Peterborough United star Steve Welsh on being seduced by Chris Turner’s sweet-talking, telling John Beck to ‘do one’ and how Barry Fry told him Posh were broke, plus life as a League One Academy Head

A meal at Mannings Cafe delivered Steve Welsh to Peterborough United, but it took a financial crisis at the club to force him to leave London Road for the final time.
Steve Welsh in Posh colours.Steve Welsh in Posh colours.
Steve Welsh in Posh colours.

In between the craggy Scottish centre-back played 196 times for Posh in two spells and scored two goals. The first goal came 24 hours after first-team manager Chris Turner bought the club in a 1-0 win at Bristol City - a game in which Andy Cole failed to get the better of Welsh.

Welsh was seduced into signing for Posh in the summer of 1991, just a month after promotion from the old Fourth Division had been secured, by Turner’s sweet-talking. Welsh, a former soldier, had just told Cambridge United boss John Beck where to go after he offered him a third season at the Abbey Stadium.

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“I joined Cambridge straight after leaving the army and I felt I did well in pre-season and friendlies, but I couldn’t get a look-in in the first team,” Welsh recalled. “In fact my first game for Cambridge Reserves was against Barnet and their manager Barry Fry signed me that night on loan for the rest of the season. We went on to finish second in the Conference.

Steve Welsh (left) in action for Posh.Steve Welsh (left) in action for Posh.
Steve Welsh (left) in action for Posh.

“I performed well the following summer, but again I was loaned to Barnet so the following season when Beck offered me a contract on the same terms I told him to ‘do one’.

“I was quite pally with Graham Scarff at Cambridge and he knew Chris Turner well so I reckon he told him about me as Chris rang me and invited me over.

“I went to see him on a Friday with my wife and after a brief discussion he threw a £50 note at me, told me to take her out for lunch and come back and see him on Monday. He was such a clever operator I signed that morning even though we only went to Mannings Cafe for our lunch.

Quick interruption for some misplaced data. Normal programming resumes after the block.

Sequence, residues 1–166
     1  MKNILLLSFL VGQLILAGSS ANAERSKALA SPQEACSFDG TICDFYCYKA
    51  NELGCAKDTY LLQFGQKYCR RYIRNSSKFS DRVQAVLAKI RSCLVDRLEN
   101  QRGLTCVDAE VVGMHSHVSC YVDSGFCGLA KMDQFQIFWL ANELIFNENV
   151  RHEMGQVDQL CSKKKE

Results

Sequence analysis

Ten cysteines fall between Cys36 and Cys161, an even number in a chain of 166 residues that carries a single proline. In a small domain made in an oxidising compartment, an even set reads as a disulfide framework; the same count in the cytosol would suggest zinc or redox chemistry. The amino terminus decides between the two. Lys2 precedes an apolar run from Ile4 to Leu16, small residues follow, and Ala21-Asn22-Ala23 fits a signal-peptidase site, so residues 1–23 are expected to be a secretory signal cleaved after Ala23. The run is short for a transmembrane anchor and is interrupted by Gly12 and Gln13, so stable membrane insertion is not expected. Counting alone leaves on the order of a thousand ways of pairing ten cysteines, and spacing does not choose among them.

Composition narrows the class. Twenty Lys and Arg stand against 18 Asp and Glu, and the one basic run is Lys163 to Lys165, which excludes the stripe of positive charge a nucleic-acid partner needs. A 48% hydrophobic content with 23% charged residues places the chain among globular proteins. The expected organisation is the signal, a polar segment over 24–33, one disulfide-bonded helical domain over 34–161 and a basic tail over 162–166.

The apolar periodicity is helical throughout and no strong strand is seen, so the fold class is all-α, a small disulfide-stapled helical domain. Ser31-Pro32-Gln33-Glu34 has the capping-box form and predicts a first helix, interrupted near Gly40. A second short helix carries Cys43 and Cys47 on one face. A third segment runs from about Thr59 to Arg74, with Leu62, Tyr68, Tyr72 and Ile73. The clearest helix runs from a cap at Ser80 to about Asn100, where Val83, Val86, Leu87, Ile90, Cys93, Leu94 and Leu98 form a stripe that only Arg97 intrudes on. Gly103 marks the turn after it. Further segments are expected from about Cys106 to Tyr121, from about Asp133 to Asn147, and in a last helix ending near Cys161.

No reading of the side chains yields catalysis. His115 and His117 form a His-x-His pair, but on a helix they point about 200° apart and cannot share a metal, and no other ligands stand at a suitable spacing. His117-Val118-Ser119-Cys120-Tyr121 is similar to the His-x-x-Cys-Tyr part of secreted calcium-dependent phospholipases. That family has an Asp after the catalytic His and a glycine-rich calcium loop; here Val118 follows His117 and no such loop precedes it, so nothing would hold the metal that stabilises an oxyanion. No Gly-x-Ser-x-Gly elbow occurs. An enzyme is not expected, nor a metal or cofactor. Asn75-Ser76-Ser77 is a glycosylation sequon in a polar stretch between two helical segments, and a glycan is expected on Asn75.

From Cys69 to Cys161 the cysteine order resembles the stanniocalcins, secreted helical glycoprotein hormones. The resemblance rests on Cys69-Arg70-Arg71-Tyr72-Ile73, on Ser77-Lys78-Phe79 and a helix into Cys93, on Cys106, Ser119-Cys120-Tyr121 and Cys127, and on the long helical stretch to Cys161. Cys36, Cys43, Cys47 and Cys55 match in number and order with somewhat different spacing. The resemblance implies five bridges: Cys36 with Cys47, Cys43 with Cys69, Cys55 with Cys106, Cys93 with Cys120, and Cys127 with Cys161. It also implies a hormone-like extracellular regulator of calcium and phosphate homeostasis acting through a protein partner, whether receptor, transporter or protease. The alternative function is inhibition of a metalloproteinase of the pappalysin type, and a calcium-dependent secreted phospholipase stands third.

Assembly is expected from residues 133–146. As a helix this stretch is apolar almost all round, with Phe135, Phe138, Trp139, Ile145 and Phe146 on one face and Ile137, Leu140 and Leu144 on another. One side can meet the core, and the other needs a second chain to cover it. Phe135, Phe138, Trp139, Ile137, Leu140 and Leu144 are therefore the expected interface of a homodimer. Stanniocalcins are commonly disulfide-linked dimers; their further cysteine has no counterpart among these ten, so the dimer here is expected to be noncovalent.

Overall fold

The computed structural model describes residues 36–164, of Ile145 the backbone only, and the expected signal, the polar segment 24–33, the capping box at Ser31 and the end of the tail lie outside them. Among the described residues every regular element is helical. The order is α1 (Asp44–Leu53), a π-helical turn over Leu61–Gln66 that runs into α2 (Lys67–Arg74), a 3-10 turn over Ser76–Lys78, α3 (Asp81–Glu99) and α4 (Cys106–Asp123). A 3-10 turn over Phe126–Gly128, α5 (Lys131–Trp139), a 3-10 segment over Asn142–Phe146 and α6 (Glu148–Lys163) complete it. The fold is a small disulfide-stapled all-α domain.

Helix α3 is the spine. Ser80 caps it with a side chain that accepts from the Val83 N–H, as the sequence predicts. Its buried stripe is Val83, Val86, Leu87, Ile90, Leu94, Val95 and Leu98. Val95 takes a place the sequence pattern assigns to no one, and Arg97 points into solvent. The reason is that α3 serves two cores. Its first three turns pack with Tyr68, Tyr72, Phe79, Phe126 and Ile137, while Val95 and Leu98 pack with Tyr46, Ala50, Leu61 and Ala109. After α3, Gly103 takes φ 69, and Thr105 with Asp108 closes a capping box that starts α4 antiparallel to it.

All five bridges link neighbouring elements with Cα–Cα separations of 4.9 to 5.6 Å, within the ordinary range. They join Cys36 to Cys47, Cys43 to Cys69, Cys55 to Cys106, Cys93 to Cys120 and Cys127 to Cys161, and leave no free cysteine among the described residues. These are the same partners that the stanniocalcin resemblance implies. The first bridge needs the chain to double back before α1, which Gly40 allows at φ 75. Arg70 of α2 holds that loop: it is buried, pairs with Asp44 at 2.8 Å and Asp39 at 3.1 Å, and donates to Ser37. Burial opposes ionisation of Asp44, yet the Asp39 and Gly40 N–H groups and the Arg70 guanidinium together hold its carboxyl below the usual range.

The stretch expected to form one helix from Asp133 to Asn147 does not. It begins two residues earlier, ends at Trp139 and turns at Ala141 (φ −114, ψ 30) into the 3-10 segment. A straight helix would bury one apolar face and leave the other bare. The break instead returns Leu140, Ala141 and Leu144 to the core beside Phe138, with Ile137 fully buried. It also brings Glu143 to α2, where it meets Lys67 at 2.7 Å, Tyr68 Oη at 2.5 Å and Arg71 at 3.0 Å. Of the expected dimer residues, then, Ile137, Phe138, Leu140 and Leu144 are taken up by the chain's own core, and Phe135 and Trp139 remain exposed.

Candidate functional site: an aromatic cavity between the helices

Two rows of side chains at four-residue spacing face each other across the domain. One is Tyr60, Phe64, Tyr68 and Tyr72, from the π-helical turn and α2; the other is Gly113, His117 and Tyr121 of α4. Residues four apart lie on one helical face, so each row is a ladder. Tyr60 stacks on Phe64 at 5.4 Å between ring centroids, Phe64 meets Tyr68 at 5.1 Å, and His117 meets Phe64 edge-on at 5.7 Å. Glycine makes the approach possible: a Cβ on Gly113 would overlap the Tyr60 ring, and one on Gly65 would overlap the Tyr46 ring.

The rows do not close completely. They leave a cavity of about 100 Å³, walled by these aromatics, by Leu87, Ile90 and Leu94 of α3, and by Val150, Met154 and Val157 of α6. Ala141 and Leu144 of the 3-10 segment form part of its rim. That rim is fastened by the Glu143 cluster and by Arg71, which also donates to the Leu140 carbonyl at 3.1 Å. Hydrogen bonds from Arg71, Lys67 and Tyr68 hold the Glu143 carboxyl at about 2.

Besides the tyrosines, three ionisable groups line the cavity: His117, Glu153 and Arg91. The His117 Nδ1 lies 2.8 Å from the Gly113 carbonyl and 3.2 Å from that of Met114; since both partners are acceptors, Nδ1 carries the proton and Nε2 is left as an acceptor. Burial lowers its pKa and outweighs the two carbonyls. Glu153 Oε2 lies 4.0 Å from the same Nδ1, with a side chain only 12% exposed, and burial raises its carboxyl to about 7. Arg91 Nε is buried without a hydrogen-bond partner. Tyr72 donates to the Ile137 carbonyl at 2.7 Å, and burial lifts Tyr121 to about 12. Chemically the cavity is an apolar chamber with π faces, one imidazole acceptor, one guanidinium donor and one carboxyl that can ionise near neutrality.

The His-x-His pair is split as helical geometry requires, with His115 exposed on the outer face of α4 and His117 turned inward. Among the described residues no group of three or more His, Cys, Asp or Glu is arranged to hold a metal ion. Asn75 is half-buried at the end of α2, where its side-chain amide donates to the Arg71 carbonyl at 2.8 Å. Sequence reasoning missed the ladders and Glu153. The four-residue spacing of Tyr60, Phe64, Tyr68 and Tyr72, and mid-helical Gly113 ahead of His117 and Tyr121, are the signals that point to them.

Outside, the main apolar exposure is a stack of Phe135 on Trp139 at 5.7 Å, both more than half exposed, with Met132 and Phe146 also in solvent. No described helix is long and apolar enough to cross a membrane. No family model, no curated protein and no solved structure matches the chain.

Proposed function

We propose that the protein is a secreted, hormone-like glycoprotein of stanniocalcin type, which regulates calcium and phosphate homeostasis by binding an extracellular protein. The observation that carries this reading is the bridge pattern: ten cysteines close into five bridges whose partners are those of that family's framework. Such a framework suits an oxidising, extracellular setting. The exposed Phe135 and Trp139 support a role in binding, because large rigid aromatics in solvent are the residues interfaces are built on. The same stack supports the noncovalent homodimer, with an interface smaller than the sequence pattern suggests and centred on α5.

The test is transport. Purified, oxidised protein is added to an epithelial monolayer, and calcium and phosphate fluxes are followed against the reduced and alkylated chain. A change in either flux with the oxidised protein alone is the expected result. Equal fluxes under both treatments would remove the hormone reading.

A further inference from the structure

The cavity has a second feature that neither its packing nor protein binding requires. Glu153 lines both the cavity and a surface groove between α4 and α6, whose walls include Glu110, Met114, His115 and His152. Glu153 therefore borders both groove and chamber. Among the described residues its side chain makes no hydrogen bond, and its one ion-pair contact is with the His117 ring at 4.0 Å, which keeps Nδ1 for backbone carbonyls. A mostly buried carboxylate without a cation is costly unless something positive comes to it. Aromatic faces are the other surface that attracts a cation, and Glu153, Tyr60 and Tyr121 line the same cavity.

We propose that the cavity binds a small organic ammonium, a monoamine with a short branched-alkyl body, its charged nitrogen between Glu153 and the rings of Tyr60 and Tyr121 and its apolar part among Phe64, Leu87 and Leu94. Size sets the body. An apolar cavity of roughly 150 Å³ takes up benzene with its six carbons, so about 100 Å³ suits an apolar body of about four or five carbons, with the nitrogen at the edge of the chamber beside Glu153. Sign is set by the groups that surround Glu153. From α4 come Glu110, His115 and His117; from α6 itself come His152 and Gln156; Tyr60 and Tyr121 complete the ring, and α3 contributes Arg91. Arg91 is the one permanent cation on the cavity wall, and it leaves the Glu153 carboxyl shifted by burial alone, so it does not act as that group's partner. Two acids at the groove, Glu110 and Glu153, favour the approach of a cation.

“It turned out to be one my better decisions!”

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That first season which included a sensational League Cup win over Liverpool and promotion after a play-off final at Wembley was covered in part one of Welsh’s story yesterday.

The following season Posh finished 10th in the second tier which remains the highest finish in the club’s history, but the good times didn’t last.

“That first season in Division One was brilliant,” Welsh added. “We had a good side and we were used to winning. We enjoyed some excellent results beating Derby twice for a start and playing against big clubs like West Ham and Wolves.

“Lil Fuccillo took over from Turner who moved upstairs and did well at first, but the following season quickly became tough and we went down.

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“I stayed for the following season under John Still and started well, but I picked up an injury and couldn’t get back in ahead of Greg Heald and Gary Breen, two players Stilly had signed.

“‘Turns’ then pulled me and told me he’d had offers from Bournemouth and Partick Thistle which the club had accepted. I’d spent time in Dorset when I was in the army and I didn’t fancy dropping down a division to go back down there so I went to play in the Scottish top flight with Partick.